In #TestimonyTuesday, Baltimore, MD, Maryland State, MD Renters' Rights, Montgomery County, MD
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My name is Mark Martin and I live in Baltimore City in District 40. This testimony is in support of HB18/SB154, Landlord and Tenant – Eviction Action – Right to Counsel.

Courts are supposed to be evenhanded forums for resolving disputes. But, as a lawyer, my experience is that rent courts in Maryland are so tilted in favor of landlords as to make a mockery of fair and just process. 

This judicial failure fuels unconscionably high eviction rates (Baltimore City’s rate, for example, is 2.5 times the national average). The consequences are devastating for individuals and the larger community. Evictions not only displace people from their homes, but have other lasting effects, including job loss and barriers to re-employment, increased truancy, mental depression, declining credit, and roadblocks to re-renting. These effects overwhelmingly fall on already vulnerable populations (notably poor Black women) and generate a pernicious cycle of disruption, homelessness, and poverty.  

One proven, cost-effective way to redress the power imbalance between landlords and tenants is to guarantee legal representation for tenants in eviction cases. As it is, some 90-95% of landlords are represented in rent court while at best 5% of tenants are. Without lawyers, most tenants are denied any meaningful opportunity to present their defenses – such as substandard housing conditions, incorrect rental ledgers, illegal fees, expired rental licenses, or unlawful retaliation by landlords – and so lose their cases. It is hardly a fair fight.  

When tenants have counsel, landlords cannot obtain evictions simply by filing a lawsuit. Lawyers can help tenants prevail in eviction cases by marshaling the relevant facts. They can also help resolve cases in other ways that permit tenants to stay in their homes, such as negotiating payment plans or securing rental assistance. (For Baltimore City, a study has estimated that if tenants had lawyers, 92% of evictions could be avoided.) Further, having a lawyer will help to secure safe and healthy living conditions by reducing fears of landlord retaliation against tenants who ask for needed repairs. And even if tenants are evicted, attorneys can help minimize the disruptive effects by negotiating reasonable amounts of time for tenants to move out, arranging for alternative housing, or keeping eviction filings off tenants’ records.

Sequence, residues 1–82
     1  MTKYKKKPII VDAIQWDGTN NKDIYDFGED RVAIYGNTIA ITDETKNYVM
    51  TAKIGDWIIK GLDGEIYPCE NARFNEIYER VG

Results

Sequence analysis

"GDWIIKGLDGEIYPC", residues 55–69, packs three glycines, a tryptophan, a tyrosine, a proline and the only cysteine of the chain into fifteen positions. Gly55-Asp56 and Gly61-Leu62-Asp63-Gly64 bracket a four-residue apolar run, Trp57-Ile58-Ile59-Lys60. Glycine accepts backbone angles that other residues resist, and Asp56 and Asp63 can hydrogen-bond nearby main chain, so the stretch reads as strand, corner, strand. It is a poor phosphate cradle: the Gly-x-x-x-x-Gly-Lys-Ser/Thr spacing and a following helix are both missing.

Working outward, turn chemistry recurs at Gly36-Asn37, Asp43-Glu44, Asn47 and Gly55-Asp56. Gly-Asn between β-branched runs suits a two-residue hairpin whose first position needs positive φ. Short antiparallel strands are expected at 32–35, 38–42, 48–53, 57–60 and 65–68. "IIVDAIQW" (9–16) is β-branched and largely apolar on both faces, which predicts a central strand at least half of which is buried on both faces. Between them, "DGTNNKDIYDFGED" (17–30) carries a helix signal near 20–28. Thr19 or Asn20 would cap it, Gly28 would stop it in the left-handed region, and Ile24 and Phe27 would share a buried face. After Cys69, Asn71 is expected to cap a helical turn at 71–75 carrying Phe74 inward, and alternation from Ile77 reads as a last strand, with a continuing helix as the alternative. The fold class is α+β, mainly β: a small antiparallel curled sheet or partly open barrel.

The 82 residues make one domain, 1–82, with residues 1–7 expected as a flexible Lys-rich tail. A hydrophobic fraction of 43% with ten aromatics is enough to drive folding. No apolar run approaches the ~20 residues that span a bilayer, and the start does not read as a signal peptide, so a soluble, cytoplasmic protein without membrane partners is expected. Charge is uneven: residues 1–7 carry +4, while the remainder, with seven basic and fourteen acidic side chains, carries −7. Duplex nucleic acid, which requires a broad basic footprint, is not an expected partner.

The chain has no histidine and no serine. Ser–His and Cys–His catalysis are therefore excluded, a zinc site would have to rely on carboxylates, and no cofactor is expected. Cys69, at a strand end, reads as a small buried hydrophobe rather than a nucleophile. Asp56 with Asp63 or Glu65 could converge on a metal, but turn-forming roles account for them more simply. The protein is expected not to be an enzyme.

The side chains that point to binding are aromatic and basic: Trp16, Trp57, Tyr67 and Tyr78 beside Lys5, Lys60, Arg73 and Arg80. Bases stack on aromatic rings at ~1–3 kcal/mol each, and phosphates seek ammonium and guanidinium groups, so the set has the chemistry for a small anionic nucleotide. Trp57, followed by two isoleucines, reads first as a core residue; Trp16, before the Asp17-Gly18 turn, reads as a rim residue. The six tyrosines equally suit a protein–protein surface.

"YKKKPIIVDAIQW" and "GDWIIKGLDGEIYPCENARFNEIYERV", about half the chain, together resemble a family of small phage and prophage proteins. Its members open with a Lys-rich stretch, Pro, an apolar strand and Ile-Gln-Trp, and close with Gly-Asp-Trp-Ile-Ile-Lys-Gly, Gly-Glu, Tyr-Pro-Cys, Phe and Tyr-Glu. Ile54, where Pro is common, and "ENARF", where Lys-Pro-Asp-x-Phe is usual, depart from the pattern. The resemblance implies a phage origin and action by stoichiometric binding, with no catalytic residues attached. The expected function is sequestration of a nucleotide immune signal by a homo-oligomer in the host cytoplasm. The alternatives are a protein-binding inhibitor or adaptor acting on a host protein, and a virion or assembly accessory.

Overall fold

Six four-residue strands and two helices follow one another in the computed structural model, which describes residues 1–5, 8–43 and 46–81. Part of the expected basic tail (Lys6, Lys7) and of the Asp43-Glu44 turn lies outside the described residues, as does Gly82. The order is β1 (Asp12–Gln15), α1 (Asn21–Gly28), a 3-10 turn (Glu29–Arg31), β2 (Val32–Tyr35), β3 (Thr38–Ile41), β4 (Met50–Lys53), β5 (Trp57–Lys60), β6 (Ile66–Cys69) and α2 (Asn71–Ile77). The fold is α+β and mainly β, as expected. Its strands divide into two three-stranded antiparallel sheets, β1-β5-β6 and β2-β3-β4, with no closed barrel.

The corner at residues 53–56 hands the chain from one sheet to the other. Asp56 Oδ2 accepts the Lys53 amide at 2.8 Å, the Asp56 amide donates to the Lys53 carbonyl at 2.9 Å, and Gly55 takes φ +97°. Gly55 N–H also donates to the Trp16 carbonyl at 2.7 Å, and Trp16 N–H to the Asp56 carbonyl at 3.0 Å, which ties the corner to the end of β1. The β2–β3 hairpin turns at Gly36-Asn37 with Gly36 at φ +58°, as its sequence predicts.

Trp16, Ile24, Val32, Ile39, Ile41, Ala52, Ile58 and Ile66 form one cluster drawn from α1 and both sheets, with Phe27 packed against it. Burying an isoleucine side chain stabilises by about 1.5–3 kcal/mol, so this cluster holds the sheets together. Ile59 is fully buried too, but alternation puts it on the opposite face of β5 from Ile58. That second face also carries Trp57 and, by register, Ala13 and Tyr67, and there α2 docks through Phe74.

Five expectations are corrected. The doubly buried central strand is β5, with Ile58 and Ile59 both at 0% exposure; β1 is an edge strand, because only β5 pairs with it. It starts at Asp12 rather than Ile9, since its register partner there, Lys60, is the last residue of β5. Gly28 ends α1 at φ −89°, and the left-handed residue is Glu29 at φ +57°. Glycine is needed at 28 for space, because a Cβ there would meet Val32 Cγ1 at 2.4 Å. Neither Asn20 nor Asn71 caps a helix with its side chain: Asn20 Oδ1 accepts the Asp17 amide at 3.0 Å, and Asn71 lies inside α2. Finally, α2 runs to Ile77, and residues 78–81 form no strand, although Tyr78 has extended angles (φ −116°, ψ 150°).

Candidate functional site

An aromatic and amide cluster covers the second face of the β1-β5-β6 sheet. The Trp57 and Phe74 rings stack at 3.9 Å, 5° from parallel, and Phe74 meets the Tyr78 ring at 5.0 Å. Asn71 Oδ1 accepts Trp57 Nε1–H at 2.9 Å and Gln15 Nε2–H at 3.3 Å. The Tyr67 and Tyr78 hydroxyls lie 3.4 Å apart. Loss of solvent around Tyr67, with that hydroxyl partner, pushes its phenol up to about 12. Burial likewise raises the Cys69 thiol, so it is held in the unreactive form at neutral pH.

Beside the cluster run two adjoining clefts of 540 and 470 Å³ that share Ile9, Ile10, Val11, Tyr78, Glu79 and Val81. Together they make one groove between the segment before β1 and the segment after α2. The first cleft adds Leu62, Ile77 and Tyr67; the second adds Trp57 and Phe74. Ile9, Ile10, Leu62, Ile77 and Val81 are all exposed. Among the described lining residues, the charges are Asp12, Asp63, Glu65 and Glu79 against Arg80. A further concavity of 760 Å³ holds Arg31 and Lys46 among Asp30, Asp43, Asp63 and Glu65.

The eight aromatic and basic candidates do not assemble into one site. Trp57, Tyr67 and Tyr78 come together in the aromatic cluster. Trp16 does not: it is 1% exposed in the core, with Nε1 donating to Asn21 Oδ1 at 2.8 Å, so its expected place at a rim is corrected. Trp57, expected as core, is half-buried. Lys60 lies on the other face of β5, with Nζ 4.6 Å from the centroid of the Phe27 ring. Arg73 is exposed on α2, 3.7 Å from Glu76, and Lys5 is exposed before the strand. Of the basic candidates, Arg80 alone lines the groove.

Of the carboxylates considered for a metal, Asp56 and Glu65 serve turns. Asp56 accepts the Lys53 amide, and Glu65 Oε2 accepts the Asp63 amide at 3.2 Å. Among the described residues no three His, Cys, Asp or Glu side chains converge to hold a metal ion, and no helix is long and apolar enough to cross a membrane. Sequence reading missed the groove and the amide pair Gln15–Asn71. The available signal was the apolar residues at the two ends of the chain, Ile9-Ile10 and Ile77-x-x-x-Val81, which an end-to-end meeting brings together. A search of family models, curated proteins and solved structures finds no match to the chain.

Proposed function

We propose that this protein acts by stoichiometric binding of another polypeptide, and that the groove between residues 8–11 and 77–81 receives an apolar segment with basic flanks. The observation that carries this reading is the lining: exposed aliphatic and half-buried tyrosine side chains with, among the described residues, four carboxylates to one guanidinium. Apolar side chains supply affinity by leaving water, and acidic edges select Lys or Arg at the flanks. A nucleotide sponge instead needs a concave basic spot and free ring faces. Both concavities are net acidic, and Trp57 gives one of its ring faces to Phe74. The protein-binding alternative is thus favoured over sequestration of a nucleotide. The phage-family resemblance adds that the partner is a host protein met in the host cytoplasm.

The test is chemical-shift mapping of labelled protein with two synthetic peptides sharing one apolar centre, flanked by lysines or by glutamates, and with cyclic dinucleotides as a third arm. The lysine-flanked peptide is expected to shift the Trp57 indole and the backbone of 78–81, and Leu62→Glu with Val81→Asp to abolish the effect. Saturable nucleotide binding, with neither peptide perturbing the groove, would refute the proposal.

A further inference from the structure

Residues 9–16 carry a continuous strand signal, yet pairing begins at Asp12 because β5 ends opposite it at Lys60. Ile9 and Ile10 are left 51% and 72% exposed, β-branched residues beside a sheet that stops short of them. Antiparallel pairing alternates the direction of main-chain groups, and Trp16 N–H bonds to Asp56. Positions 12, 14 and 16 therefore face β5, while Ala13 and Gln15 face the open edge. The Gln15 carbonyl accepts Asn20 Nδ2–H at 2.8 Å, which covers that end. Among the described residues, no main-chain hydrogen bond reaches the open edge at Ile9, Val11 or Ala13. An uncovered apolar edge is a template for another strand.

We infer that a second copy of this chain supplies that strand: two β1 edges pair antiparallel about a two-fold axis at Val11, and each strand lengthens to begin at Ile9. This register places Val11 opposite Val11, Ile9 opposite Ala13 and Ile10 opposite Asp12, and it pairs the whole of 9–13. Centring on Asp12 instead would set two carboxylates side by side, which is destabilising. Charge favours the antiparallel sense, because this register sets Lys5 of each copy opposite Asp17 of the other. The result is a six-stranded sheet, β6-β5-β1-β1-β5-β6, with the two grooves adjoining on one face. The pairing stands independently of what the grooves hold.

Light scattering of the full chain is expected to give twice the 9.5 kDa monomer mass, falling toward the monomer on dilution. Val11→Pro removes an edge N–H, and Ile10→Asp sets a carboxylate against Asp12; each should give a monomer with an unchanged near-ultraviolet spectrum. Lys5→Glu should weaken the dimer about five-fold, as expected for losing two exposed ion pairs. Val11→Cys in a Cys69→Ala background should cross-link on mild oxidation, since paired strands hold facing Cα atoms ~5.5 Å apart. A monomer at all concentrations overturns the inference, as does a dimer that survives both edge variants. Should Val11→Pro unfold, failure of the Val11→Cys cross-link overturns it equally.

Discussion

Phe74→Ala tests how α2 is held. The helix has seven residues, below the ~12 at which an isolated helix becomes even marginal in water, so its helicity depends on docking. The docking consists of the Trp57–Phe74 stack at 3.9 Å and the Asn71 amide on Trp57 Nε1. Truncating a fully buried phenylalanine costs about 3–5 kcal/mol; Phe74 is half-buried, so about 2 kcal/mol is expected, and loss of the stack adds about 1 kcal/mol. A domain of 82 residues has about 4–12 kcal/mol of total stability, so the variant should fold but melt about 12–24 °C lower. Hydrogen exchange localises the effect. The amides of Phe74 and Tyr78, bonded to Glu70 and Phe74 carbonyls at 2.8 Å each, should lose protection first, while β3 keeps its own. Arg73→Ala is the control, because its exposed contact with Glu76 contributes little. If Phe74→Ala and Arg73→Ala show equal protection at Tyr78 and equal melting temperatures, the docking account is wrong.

Crucially, a right to counsel will save the State and local jurisdictions many millions of dollars.  Evictions cost far more than providing lawyers. When tenants are evicted, they are forced to draw heavily on public services, paid for by the State or local jurisdictions, including homeless shelters and transitional housing, foster care, and emergency room and in-patient medical care. In the case of Baltimore City, one study estimated savings from reduced use of services of more than six times the cost of providing lawyers ($35.6 million in total savings, $18.1 million of which accrues to the State vs. $5.7 million in costs). A statewide right to counsel can be expected to produce similar savings.   

Numerous cities have recently adopted and begun successfully implementing a right to counsel.  New York City started phasing in its program in 2018. In the first year of implementation, evictions declined five times faster in the zip codes where tenants were provided with lawyers than in comparable zip codes where they were not; 84% of the tenants represented in rent court remained in their homes.  Other cities currently implementing a right to counsel include San Francisco (approved in 2018), Newark (end of 2018), Philadelphia (fall 2019), and Cleveland (fall 2019).  And just last December Baltimore City joined this accelerating trend.  

Now is the time for Maryland to become a national leader by providing such a right throughout the state. Doing so will promote residential stability and economic security – and yield fiscal rewards. I respectfully urge a favorable report on HB18. Thank you.

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